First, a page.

When it comes to footballing combinations of flair, flamboyance and grit, it appears that the number three is the magic number. Attacking triumvirates have terrorized defenses down the years and their artistic brilliance combined with steely grit has got them etched into footballing folklore. From Brazil’s forward trio of the 1950s Ademir, Jair and Zizinho to The Holy Trinity of Manchester United (Sir Bobby Charlton, George Best and Denis Law) and current generation’s much fabled MSN (Messi, Suarez and Neymar) and the BBC (Bale, Benzema and Cristiano Ronaldo) triumvirates have always held their own due to their sheer brilliance. Messi’s artistry combined so dangerously with Neymar’s flair and Suarez’s grit to frighten defenses for the better part of the last 5 years. The incomparable beauty of their football has left an indelible print on the beautiful game which remains to this day.
When one thinks of foursomes, it may look a little steep. Rather it looks a little unimaginative. From Arsenal’s famous back four of Tony Adams, Lee Dixon, Steve Bould and Nigel Winterburn to Sir Alex Ferguson’s midfield four which won them their treble Ryan Giggs, Paul Scholes, David Beckham and Roy Keane, basically these foursomes were known for their efficiency and not for their footballing genius. They were known for solidity and not necessarily brilliance. However each player mastered their roles perfectly, but Paul Scholes aside, there was a lack of artistic genius in these foursomes.
Every case has an exception and rightly so for this case the exception is the French midfield which shocked the world with their excellence in the mid 1980s. The midfield of Luis Fernandez, Jean Tigana, Alain Giresse and the iconic Michael Platini (popularly called Le Carre Magique(The Magic Square)) demonstrated to the world what can happen when exceptional talents come together. The brilliance of the quartet was characterized by their invention, industry, creativity and cohesion. They managed to lead the France to the 1984 UEFA European Championships and announced France’s re-entry as a footballing power after the disastrous performances of the previous decade. The quartet combined beauty and elegance with team work to mark their name on the footballing world.
It all started after France had bowed out of the 1982 World Cup after losing to West Germany in a match fondly remembered for Harold Schumacher’s inhumane tackle on Patrick Battiston which apparently missed referee’s sight, thereby going unnoticed. After the exit, the French team’s performances weren’t too good and by this time all the four (Platini, Giresse, Tigana and Luis Fernandez) had been called up to the national team but hadn’t played together as a unit but had played as duos and trios.
Prior to the 1984 UEFA European Championships France coach Michael Hidalgo decided to experiment with all the four playing in midfield forming a square rather than a conventional diamond. When all the four played their first game against Bobby Robson’s England, Luis Fernandez was 24, Alain Giresse 31 and the other two (Tigana and Platini) were 28. The quartet quickly became the neutral’s favourites as they moved the ball around casually with serenity that almost looked like it bordered on laziness; casual arrogance, if you would have it that way.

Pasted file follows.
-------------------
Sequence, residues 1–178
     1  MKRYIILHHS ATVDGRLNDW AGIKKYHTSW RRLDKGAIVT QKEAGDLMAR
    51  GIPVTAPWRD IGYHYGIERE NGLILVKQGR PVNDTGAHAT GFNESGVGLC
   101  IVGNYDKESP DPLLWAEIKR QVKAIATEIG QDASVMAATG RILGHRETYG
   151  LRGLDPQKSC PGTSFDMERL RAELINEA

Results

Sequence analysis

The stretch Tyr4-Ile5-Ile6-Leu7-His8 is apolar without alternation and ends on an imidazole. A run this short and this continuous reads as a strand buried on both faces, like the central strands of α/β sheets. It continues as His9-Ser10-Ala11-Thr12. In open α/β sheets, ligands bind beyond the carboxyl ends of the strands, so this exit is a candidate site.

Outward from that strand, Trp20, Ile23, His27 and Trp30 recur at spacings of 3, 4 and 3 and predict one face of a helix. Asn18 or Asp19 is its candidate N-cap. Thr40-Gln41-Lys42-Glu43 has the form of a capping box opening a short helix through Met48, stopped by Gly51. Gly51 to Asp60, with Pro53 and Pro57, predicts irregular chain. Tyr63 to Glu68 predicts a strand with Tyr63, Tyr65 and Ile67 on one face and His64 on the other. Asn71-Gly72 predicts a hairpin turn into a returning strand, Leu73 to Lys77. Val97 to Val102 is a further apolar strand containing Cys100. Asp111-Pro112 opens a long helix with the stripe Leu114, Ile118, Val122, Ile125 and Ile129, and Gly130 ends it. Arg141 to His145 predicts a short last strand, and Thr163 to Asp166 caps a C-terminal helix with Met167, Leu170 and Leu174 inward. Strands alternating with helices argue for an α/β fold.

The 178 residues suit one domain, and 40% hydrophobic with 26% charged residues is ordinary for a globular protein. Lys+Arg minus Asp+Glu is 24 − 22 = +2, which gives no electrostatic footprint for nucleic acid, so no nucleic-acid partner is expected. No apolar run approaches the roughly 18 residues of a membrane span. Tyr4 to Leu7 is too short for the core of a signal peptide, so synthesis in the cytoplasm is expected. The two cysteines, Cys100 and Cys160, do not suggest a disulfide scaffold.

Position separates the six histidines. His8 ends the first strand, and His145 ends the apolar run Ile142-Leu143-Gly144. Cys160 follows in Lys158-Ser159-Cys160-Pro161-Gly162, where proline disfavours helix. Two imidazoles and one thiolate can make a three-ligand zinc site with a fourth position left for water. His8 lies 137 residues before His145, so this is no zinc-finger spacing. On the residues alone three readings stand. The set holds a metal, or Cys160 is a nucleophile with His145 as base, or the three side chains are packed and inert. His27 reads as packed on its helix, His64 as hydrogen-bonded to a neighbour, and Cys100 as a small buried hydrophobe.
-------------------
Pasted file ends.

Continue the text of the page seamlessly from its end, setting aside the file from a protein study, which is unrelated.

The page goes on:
Due to hosting the event France had the privilege of qualifying directly. Coach Michel Hidalgo had moulded his team through friendlies that yielded 12 wins from 13. Consequently optimism was soaring and the general feeling amidst the public was that Les Bleus might exorcise the pain from their World Cup semi-final exit to Germany in ’82 following a thrilling 3-3 draw and defeat on pens. Defender Patrick Battison certainly had motivation for going all the way this time after recovering from a scandalous, unpunished assault by German keeper Schumacher that sent him staggering into a coma.
1984 European Championships and 1986 World Cup
France powered their way to winning the much coveted Henri Delaunay trophy, a trophy they had gifted to the world of football. Michael Platini was undoubtedly the star of the tournament as he scored in every game on course to victory. France won their first game 1-0 against Denmark courtesy of a Platini strike. Platini scored a stunning hat-trick in the following game to hand France a 5-0 win over Belgium, the other two goals being scored by Giresse and Fernandez. In the final group stage game Platini scored another treble as he outscored Yugoslavia 3-2. France needed extra time to get past Portugal with Platini scoring the decisive winner in the final minutes of a match following a run into the box by the marauding Jean Tigana. In the final against Spain, France took the lead in the second half through a Michel Platini freekick. A late goal by Bruno Bellion gave France a 2-0 win and also their first ever international trophy.